The Jews of old wandered the wilderness for 40 years before entering the Promised Land. For the exiled Jews of Libya, it’s already been 44.
The struggle to reopen a synagogue in Libya, 44 years after the forced departure of the country’s last Jews, is emerging as a high-profile test of the new Libyan government’s commitment to freedom in the post-Moammar Gadhafi era.
On Oct. 2, David Gerbi, a Libyan Jew who immigrated to Rome in 1967 at age 12, used a sledgehammer to enter the closed Dar Bishi synagogue in Tripoli. Two Muslim clerics lent their support, and some neighborhood residents offered help with cleanup.
But when Gerbi returned the next day, he found the door locked and was told to stay away or risk losing his life.
“If they want to prove that it’s different from Gadhafi ... they need to do the opposite,” a tearful Gerbi told reporters after being turned away.
Meanwhile in Rome, leaders in the Italian-Libyan Jewish exile community watch such developments with a mix of apprehension and cautious optimism. Post-Gadhafi Libya, they hope, might ultimately prove itself more tolerant and just than the land they left.
The Jewish presence in Libya dates back more than 2,000 years; at the end of World War II, the country’s Jewish population still numbered more than 40,000. But their environment grew increasing inhospitable over the following two decades, with outbreaks of anti-Semitic violence linked to conflicts between the new State of Israel and its Muslim-majority neighbors.
Libyan Jews began to emigrate, most of them to Israel; by 1967 there were only about 6,000 Jews left in the country, almost all of them in the capital city of Tripoli.
After Israel won the Six-Day War against Egypt, Jordan and Syria in June 1967, the reaction in Tripoli finally made the Jews’ situation intolerable.
“They killed two entire families, took them out of their houses, shot them with machine guns,” said Shalom Tesciuba, president of the Welfare Committee of the Jews of Libya.
Mobs injured more than 200 other Jews, burned synagogues and looted Jewish shops, while the police made it clear that they would offer no protection.
All of Libya’s remaining Jews left shortly thereafter. Because the Libyan government blocked direct access to Israel, most refugees fled to Italy. With Italian schools a legacy of Italy’s colonial presence in Libya from 1912 to 1947, the refugees were familiar with their new country’s language and culture. The Dar Bishi synagogue, Tesciuba noted, had been modeled on the Great Synagogue of Rome.
Almost all of the “Tripolitani” settled in Rome, where Tesciuba, 77, now serves as one of the rabbis at the Beth-El Synagogue.
He was part of a delegation of Italian-Libyan Jews that was invited to Tripoli in 2004 by the Gadhafi regime to discuss possible compensation for the money and property they had left behind.
The visitors were treated with shows of the “greatest respect,” Tesciuba recalled, including lodging in a luxury hotel and personal bodyguards. One government official asked why the Jews had ever left Libya.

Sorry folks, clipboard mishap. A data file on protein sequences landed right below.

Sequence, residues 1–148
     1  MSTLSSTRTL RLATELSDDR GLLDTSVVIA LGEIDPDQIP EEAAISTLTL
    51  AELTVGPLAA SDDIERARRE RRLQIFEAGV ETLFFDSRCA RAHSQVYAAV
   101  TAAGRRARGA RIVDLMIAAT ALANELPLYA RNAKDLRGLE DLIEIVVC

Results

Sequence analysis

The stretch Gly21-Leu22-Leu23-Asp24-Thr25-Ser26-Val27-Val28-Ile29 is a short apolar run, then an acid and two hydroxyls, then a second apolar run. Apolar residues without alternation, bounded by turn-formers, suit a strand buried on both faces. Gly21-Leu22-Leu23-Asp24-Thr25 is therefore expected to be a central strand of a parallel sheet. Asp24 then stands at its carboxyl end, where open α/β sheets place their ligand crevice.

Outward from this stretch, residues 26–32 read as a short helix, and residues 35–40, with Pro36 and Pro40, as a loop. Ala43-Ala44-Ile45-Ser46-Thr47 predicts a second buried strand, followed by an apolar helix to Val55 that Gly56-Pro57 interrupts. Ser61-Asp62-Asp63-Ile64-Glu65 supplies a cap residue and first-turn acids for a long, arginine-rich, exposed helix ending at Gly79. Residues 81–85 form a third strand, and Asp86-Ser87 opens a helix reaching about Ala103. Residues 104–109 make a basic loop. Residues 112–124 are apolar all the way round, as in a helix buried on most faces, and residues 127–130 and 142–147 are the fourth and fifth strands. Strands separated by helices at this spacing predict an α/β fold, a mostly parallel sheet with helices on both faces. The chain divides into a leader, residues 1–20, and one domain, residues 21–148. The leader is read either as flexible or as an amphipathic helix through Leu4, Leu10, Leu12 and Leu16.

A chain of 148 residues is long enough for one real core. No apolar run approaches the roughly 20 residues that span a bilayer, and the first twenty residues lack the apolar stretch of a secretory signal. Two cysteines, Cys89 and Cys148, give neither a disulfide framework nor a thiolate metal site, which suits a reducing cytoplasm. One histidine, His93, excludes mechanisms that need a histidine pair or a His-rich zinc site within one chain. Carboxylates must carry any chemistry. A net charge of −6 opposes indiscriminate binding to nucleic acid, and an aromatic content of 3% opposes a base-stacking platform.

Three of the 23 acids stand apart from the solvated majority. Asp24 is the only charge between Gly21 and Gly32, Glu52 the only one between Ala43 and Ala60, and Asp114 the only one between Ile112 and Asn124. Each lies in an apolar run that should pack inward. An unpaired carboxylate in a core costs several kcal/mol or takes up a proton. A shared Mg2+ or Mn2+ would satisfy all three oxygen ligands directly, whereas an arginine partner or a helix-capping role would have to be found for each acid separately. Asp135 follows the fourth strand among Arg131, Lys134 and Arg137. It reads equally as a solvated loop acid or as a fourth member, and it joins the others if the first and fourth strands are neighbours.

“We hadn’t left,” Tesciuba replied. “They’d thrown us out.”
Gadhafi, who came to power two years after the last Jews left the country, made his 2004 overture amid a wider campaign for better relations with the West, which also included renouncing weapons of mass destruction. But the negotiations never led to any concrete agreement.
Libya’s new ruling power, the National Transitional Council, reached out to Tesciuba’s committee during the civil war against Gadhafi, seeking the Jewish group’s endorsement as the NTC pursued American support.
Some NTC representatives have privately promised to compensate the Jews for their losses, said another committee member, Elio Raccah, 59, adding that those promises have been “fluid, nebulous, (and) ambiguous,” particularly with regard to timing.
The post-Gadhafi regime has also offered help with reconstructing the Dar Bishi synagogue, Raccah said. In 1967, Libya had a total of 78 synagogues, 44 of them in Tripoli. Most were later reduced to rubble, and three in Tripoli were converted into mosques.
The welfare committee decided that any effort to restore Dar Bishi would be “premature,” Raccah said, until they could determine whether “popular feeling” in Tripoli was still hostile to the Jews.
In a press conference on Monday, the NTC’s head Mustafa Abdul-Jalil also said the synagogue question was “premature and we have not decided anything in this regard.”
Even as the situation in Libya remains unsettled, the exiles clearly retain strong emotional ties to their homeland. Tesciuba says his nostalgia grows particularly acute this time of year during the Jewish High Holy Days.
“I remember those beautiful moments when we made the unleavened bread at home, the evening of Rosh Hashanah, when there was a table four meters long with every sort of good thing: sweets, dates, pomegranates,” he said.
After more than four decades in Italy, however, with children and grandchildren who do not speak Arabic, the exiled leader believes few Libyan Jews would seriously consider moving back.
But he said he and many others would be eager to return on a personal pilgrimage. “If tomorrow it becomes tranquil,” Tesciuba said, “I guarantee that a thousand people will go every month.”